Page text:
The West Coast Chapter of the Society for the History of Collecting
invites you to its online lecture
The Howard University Art Gallery: Collecting the New Deal
Prof. Betsy Fahlman
1 October 2021, 12 noon, PST; 8 PM BST
To register for this event please email: email@example.com
In 1943, Fort Huachuca, an army base in remote southeastern Arizona, was the unlikely site of a large exhibition of African-American artists which displayed eighty-six works by thirty-seven artists, all work created under the sponsorship of President Franklin Roosevelt’s New Deal. This exhibit was part of a morale-building effort by a post commander, aided by Arizona artist, Lew Davis, who had created a mural celebrating African-American participation in five historic American wars for what was then called “The Black Officer’s Club.” The ambitious exhibition was planned to be a permanent feature. But the base was deactivated in 1947 and the art dispersed, with the best of some forty paintings and one sculpture going to Howard University, works perfectly aligned with Howard’s educational mission as one of the leading members of America’s Historically Black Colleges and Universities (HBCU).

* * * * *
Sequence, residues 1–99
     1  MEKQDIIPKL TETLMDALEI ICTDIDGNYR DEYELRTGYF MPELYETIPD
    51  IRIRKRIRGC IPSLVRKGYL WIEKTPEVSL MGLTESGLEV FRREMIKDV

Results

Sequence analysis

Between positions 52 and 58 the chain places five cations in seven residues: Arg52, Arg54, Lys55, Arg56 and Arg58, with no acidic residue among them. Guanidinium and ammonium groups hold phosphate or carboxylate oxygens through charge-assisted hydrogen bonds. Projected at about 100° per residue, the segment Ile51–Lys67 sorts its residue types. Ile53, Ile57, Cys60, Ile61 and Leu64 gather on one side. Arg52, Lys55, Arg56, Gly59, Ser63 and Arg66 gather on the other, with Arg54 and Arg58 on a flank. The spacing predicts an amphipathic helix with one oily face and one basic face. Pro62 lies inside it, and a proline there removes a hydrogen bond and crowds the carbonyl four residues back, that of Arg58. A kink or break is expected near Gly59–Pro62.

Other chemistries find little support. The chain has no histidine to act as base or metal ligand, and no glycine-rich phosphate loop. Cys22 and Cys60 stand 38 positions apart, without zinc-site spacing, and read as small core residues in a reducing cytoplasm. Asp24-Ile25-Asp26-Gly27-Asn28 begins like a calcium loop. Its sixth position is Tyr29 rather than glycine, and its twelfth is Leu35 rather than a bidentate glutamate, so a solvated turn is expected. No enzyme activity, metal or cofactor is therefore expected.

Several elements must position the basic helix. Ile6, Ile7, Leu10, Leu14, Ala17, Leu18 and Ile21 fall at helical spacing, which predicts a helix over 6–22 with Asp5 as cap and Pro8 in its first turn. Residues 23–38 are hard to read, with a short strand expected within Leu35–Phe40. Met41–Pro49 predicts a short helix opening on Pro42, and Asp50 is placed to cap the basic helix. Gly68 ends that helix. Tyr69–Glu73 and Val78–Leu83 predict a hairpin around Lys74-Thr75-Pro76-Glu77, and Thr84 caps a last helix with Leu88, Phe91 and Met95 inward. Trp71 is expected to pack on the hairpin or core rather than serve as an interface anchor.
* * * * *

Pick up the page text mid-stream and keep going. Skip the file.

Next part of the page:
Betsy Fahlman is Professor of Art History at Arizona State University and Adjunct Curator of American Art at the Phoenix Art Museum. She wrote Landscapes of Extraction: The Art of Mining in the American West (2021), Kraushaar Galleries: Celebrating 125 Years (2010), New Deal Art in Arizona (2009), Chimneys and Towers: Charles Demuth’s Late Paintings of Lancaster (2007), James Graham & Sons: A Century and a Half in the Art Business (2007), Guy Pène du Bois: Painter of Modern Life (2004), The Cowboy’s Dream: The Mythic Life and Art of Lon Megargee (2002), and John Ferguson Weir: The Labor of Art (1997). She has published extensively on the relationship between American art and industry and on artists Ellen Emmet Rand, Gertrude Vanderbilt Whitney, Marguerite Zorach, Robert Winthrop Chanler, and Joseph Pennell.
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Archibald Motley, Saturday Night, 1935, o/c, 32 x 40”, Howard University Gallery of Art